Thought Crimes

A family member mentioned something to me recently that I found extremely curious, and I thought I’d jot it down and display it out in public forum.  According to this person’s faith, if you think something “evil,” then you are guilty of committing the act which you have imagined.  This little deontological gem comes from the section of the New Testament called beatitudes where Jesus says, “But I say unto you, That whosoever looketh on a woman to lust after her hath committed adultery with her already in his heart.”  I don’t know what other scriptural support might exist to suggest that thinking about adulterous situations is equal to committing adultery, but it’s what he believes, and in fact it’s what a lot of other Mormons believe.

Sure, there’s a lot of variation from one Mormon to the next on what they do or do not believe, but I have found this piece of Kantian wisdom to be a disturbing mindset which is quite prevalent in my area, so it needs to be addressed.  This line of reasoning that my family member takes completely fails to take into account the fact that there is a fundamental difference between considering an action, and ACTING. Many people have, when angered by someone, daydreamed about the physical harm that they might inflict on that person, thoughts of revenge, one might say, are an inevitable reaction given the societal values with which we have been inculcated; a learned but nevertheless normal reaction.  Although on some level it may even be a natural reaction; from an evolutionary standpoint it may be beneficial, because if something or someone endangers you or threatens you in some way, it may have been better to eliminate that threat, rather than run the risk of a second and escalated offense.  Of course today that kind of attitude will only land you in jail and get people hurt, and we strive to overcome that sort of behavior.  That said, imagining punching someone because they called you an asshole has an extremely different effect on your immediate environment than ACTUALLY punching that person.  It doesn’t take much imagination to envision the two very different outcomes that would be achieved by these two very different reactions.  Right and wrong and justifications aside, the two scenarios have drastically different results.  Of course, a utilitarian like myself WOULD think that, and Immanuel Kant, and Jesus apparently, would have us believe that it’s the thought that counts.  Intentions determine character to them, but unfortunately, no one really knows our intentions except ourselves, so all we really have to go on is the apparent intentions of a person as evidenced by his actions.  So we kind of have to be utilitarians.  Pragmatism 1, idealism 0.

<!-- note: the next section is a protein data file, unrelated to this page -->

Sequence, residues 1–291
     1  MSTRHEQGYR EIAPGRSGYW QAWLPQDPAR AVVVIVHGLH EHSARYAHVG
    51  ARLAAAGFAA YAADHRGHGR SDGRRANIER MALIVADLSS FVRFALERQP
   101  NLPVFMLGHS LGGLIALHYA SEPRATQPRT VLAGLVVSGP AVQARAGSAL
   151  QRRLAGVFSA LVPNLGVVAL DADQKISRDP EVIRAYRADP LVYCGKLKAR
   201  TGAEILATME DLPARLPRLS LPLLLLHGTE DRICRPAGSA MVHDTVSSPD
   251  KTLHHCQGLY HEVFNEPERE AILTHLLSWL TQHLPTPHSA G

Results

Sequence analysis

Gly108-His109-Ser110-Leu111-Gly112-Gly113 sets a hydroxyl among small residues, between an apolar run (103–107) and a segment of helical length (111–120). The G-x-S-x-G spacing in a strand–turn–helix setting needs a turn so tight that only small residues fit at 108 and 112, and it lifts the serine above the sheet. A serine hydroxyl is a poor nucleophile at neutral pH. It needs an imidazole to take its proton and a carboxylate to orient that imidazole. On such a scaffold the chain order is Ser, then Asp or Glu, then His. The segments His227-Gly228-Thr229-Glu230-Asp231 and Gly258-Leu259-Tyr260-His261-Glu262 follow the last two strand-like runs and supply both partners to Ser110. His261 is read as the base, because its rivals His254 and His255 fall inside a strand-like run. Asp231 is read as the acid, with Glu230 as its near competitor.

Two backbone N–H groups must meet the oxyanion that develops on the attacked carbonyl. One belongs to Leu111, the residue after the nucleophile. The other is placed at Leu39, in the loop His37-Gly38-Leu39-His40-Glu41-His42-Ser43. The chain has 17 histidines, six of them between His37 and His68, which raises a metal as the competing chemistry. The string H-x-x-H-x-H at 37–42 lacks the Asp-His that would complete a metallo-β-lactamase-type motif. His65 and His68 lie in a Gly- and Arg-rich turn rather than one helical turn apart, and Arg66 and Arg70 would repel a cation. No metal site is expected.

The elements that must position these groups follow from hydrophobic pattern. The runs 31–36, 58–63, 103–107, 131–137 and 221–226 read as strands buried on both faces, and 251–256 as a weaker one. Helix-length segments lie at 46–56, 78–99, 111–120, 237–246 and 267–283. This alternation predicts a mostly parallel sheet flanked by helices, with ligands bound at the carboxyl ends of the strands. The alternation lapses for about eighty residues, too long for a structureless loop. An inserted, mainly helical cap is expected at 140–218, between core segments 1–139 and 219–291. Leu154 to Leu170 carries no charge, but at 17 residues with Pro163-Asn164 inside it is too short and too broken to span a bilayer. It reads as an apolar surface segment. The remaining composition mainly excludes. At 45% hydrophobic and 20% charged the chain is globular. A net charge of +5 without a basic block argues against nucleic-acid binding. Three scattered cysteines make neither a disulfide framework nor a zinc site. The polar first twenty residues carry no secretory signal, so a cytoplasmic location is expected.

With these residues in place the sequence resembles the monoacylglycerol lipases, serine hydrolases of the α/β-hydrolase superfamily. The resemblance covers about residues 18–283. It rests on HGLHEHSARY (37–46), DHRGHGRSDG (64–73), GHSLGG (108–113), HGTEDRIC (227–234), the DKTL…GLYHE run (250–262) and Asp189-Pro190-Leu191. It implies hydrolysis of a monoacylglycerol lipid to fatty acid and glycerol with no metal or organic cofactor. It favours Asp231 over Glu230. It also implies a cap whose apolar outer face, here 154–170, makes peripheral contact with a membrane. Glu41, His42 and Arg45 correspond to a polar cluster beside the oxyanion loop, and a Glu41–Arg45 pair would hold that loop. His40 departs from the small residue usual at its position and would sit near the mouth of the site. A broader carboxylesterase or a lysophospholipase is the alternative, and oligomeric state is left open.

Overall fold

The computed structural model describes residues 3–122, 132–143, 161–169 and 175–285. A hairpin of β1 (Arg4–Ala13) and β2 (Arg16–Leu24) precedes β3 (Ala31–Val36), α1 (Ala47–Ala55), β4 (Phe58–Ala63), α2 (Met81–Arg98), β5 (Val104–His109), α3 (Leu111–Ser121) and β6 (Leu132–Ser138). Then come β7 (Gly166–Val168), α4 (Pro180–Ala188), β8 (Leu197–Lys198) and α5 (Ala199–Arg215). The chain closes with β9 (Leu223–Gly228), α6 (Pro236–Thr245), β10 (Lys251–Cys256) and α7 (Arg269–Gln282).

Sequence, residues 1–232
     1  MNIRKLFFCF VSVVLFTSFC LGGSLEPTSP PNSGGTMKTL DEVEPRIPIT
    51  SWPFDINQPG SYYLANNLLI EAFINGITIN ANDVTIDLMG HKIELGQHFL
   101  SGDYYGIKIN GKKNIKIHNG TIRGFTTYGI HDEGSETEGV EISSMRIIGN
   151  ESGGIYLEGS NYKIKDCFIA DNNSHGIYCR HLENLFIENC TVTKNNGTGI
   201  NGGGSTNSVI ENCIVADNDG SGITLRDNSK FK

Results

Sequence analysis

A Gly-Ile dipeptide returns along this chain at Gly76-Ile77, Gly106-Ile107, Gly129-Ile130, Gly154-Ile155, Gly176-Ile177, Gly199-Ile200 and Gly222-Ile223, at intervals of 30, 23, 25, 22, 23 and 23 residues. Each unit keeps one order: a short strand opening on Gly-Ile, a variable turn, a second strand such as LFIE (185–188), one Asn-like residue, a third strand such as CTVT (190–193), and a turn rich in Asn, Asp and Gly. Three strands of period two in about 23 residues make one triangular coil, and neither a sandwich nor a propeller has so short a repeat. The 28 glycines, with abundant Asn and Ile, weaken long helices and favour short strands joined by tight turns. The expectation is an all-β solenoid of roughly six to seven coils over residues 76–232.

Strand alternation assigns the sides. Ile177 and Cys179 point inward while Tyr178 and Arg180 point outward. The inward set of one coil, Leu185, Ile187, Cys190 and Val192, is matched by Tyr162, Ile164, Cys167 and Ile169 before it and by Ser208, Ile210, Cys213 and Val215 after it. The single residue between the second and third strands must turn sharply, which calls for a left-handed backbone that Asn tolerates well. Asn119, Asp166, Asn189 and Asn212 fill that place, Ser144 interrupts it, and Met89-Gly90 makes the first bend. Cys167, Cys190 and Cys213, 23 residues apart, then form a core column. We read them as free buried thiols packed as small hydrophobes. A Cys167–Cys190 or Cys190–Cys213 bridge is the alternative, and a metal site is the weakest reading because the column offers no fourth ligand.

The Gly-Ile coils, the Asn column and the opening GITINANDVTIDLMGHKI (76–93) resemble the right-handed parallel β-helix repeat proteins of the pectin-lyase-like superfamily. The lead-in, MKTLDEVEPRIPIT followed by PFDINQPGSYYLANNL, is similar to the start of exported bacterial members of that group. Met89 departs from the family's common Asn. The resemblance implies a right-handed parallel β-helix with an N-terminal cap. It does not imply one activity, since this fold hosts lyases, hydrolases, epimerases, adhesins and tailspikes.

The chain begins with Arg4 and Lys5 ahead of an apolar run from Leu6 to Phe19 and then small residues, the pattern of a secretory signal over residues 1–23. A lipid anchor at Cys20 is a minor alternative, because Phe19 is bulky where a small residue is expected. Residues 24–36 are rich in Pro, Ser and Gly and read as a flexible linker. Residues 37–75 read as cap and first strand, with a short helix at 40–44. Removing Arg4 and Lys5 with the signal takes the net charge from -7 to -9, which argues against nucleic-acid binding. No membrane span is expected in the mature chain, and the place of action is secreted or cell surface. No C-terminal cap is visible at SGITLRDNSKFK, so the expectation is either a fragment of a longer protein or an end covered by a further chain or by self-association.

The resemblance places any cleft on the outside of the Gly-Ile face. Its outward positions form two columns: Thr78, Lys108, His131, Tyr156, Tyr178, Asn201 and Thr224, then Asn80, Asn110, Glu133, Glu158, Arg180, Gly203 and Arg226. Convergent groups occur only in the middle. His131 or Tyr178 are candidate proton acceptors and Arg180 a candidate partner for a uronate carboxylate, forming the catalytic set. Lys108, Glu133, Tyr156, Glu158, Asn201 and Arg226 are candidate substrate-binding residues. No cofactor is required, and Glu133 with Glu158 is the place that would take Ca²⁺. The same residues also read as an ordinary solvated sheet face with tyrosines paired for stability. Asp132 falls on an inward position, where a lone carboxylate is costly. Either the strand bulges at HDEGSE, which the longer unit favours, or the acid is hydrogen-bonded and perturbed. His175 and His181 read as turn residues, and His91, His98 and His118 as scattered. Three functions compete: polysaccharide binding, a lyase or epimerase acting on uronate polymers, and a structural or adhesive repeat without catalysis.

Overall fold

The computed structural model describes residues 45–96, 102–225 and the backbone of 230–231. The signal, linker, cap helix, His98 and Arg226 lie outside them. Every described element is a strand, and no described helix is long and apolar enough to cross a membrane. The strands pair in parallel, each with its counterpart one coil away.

This mentally manipulative little idea that my family member borrowed from Jesus tells us that we can actually commit a sin in our mind (I call this “virtual sin”), and thus, that thoughts can be damning, regardless of your actions.  Remember that it was Jesus who first gave us the idea of eternal torment in hell; it was never mentioned in the Bible before him, and it seems that, according to Jesus, simply thinking can land you there.  This is a strong safeguard against “backsliding,” because one can commit BLASPHEMY simply by examining a rival faith or by questioning the reality of God, and we all know how the biblical god feels about blasphemers.  You can actually, according to this concept, commit the worst offense against your god, breaking the FIRST commandment, without actually doing anything at all!
This is known as a “thought crime” in many a futuristic science-fiction novel.  Little did George Orwell know, when he wrote 1984, that we didn’t have to wait for the future to be ingrained with brainwashing fears; it’s been happening for millenia, disguising itself as our greatest companion – religion.  It is ignorance calling itself bliss, falsity posing as truth, and hatefulness toward those who disagree is disguised as a “religion of peace,” and at it’s core it is, simply put, mind control and nothing more.

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7 Responses to “Thought Crimes”

  1. Take that a little farther and not only do you get Hell Points (TM) for thinking about fornication, you must, therefore, get Heaven Points (TM) for mentally helping a little old lady across the street. So when your local pastor gets carried away and accidentally kills a hooker in his hotel room in Vegas, he can counter-act that by imagining that he solved world hunger.
    As it turns out, it really is the thought that counts and you’re only as bad as your imagination.

  2. My god, man…that’s brilliant!

  3. I hope you don’t mind that I run with this on my own blog sometime in the next few days.

  4. Not at all…I am a fan of your blog, after all. Sometimes it makes me pee a little with laughter.

  5. If I can just make one person soil themselves… then I know it’s not all been in vain.

  6. […] Now, some guidelines.  First, let Me run another old saying by you.  “It’s the thought that counts.”  This is a little something My boys came up with.  Some years ago, Hippie Jesus had a little […]

  7. Science Geek Says:

    That is outstanding deduction.

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